A delegation from the FISU has visited Chinese Taipei to inspect preparations for the 2017 Summer Universiade ©FISU

A delegation from the International University Sports Federation’s (FISU) International Technical Committee (ITC) has embarked on a visit to Chinese Taipei to inspect preparations for next year’s Summer Universiade.

The visit is due to conclude on Sunday (October 2), with the 17-strong group, led by chair Jean-Paul Clemençon, reviewing the competition, the setup and the sports display of practice venues for 14 different sports.

Badminton, diving, fencing, water polo, rhythmic gymnastics, artistic gymnastics, roller sports, swimming, archery, baseball, football, basketball, athletics and volleyball are all due to be inspected by the ITC.

It comes after Taipei Mayor Ko Wen-je said the Government in the country would take a look at the state of a number of venues following Typhoon Meranti, which struck the region on September 15.

One person lost their life during the "Super Typhoon" - which is classified when wind speeds reach at least 150 miles per hour.

Ko claimed it could be seen as a “"stress test" of the facilities for the Summer Universiade, due to take place from August 19 to 30.

Typhoon Malakas, which also impacted areas of Japan, then caused further damage in Chinese Taipei five days later.

Four people were then killed and 524 were injured in as a result of Typhoon Megi yesterday, the third to hit the area within the last month.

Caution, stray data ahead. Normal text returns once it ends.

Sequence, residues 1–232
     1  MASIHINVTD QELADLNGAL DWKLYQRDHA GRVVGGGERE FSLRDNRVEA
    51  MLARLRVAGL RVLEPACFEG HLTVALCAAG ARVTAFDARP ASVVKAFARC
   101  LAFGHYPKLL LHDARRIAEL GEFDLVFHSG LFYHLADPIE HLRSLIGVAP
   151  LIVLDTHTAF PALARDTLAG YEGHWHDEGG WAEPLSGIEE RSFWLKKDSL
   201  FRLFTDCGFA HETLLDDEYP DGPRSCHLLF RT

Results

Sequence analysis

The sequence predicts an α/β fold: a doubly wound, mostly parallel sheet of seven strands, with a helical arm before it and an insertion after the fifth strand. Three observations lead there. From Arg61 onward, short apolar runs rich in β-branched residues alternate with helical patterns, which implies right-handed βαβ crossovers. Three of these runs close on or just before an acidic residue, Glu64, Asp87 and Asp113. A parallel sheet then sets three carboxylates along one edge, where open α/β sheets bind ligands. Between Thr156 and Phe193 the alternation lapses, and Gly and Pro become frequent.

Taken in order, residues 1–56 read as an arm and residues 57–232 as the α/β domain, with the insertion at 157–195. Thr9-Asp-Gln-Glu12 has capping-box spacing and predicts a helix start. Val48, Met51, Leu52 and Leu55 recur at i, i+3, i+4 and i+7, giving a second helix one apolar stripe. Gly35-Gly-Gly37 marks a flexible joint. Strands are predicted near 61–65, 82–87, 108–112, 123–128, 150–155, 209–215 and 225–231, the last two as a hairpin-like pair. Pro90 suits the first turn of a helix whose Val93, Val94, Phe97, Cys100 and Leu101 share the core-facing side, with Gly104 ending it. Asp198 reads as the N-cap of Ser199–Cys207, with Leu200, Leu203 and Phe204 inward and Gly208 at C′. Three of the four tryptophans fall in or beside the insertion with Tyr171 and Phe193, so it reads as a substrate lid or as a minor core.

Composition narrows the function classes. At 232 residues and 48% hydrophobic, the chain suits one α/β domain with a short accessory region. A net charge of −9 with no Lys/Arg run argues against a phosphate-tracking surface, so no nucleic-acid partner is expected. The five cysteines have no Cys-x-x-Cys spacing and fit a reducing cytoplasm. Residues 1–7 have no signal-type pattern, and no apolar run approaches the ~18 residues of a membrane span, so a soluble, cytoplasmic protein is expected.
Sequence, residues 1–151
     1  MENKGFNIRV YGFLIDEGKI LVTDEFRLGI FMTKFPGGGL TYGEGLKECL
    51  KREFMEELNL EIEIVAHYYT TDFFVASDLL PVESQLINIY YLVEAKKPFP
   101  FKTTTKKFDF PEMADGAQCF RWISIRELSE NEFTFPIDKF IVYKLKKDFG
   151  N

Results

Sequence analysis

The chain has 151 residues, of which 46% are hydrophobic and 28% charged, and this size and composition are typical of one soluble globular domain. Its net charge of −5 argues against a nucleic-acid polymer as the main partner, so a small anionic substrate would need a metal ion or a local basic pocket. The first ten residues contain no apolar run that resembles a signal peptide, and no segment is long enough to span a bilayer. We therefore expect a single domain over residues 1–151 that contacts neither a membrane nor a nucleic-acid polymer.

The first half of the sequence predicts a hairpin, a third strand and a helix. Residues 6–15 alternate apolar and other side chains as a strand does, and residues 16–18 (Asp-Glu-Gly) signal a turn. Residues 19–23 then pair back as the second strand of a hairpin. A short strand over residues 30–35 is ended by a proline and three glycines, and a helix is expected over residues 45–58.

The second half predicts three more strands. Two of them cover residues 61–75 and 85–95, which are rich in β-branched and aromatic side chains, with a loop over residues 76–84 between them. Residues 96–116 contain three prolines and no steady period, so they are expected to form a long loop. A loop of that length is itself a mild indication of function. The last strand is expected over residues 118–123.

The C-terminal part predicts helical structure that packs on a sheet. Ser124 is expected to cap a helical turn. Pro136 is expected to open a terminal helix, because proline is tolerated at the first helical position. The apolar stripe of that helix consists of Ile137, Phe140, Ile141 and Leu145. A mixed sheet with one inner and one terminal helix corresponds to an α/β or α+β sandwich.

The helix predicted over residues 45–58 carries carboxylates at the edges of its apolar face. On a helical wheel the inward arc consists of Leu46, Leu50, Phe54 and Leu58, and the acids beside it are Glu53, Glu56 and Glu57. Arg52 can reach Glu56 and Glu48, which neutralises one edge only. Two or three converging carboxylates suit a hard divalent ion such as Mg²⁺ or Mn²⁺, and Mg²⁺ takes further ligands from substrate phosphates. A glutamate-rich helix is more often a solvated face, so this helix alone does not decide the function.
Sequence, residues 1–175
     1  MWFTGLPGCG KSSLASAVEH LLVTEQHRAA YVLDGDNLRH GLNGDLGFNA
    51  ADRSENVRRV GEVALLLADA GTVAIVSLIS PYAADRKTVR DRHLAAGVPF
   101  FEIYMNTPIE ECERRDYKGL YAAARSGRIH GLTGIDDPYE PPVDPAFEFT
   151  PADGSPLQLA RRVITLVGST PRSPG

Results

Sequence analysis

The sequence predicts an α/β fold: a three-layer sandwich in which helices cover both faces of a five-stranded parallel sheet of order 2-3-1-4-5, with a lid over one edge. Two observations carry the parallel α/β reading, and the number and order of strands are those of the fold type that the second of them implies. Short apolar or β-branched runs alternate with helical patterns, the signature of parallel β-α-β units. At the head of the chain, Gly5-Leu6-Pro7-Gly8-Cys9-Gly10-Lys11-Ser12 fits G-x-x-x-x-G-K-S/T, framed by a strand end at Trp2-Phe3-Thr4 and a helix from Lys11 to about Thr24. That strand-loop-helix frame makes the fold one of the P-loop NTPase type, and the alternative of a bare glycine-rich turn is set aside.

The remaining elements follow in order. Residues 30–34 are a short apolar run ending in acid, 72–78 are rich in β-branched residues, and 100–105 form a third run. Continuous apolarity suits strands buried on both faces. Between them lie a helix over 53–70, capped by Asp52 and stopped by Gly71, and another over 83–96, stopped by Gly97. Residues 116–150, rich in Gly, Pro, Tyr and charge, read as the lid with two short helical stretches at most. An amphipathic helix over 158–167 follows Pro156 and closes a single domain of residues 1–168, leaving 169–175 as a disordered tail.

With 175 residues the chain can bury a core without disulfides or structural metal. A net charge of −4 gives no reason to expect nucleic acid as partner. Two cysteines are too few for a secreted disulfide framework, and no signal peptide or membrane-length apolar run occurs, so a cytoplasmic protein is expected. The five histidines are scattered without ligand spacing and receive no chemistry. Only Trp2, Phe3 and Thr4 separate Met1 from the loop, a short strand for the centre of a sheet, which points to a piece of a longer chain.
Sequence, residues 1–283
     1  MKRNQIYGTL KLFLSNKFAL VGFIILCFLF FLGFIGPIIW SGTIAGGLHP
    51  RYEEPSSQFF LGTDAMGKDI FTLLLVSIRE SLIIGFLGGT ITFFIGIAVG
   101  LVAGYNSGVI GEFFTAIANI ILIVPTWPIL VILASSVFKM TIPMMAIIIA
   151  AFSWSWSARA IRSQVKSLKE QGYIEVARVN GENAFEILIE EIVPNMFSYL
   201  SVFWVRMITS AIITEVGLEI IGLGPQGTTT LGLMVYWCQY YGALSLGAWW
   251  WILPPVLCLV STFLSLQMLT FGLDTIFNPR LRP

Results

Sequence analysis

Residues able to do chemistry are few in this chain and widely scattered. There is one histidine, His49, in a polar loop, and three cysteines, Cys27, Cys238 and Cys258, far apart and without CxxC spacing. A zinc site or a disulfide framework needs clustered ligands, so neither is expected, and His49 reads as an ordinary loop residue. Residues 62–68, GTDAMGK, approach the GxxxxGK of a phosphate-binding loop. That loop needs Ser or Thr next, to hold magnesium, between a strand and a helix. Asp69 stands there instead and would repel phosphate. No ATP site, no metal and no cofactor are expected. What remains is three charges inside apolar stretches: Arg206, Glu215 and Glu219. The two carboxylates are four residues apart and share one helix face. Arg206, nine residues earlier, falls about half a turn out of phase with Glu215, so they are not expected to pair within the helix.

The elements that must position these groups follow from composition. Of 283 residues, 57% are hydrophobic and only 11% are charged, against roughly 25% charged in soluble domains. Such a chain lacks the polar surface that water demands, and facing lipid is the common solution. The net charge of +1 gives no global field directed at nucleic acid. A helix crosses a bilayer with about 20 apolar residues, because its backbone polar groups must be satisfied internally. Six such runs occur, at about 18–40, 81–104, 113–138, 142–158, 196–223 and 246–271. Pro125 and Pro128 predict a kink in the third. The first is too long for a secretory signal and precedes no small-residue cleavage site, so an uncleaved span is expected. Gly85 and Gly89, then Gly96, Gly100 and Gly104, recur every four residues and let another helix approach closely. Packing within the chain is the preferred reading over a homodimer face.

Taipei 2017 Organising Committee chief executive Su Li-chiung had earlier stressed that venue construction was on track following claims they had fallen behind schedule.

Chinese Taipei has been affected by three typhoons over the last month ©Getty Images
Chinese Taipei has been affected by three typhoons over the last month ©Getty Images

In an interview with the Taipei Times, Su insisted they were no delays and that reports of issues with the building progress of facilities due to be used during the Summer Universiade were wide of the mark.

"People are concerned that construction has fallen behind schedule, but that is not actually the case,” she said.

"Some venues can be completed in just two or three months. 

"If we build things too soon, it will cause trouble for schools - they will be concerned that things will break before the Games, and then what can they do?

"nitially, time for construction was overestimated for these structures because of safety considerations, but there are only four venues that require more than six months to be built, and those have already been contracted.”

Su also claimed "careful consideration" had been given to the budget for the event amid fears of spiralling costs.

"The most important consideration has been Mayor Ko’s approach to finances," she added.

"He said we should not 'arbitrarily inflate the budget,' but rather give it careful consideration and be more prudent in our planning. 

"For example, when acquiring equipment for the Athletes’ Village, the Mayor set a guiding principle: If it can come from a sponsor, get it from a sponsor; if it cannot come from a sponsor, rent it; and if it cannot be rented, only then buy it. 

"Even then, if something is purchased, it must be usable after the Games have concluded."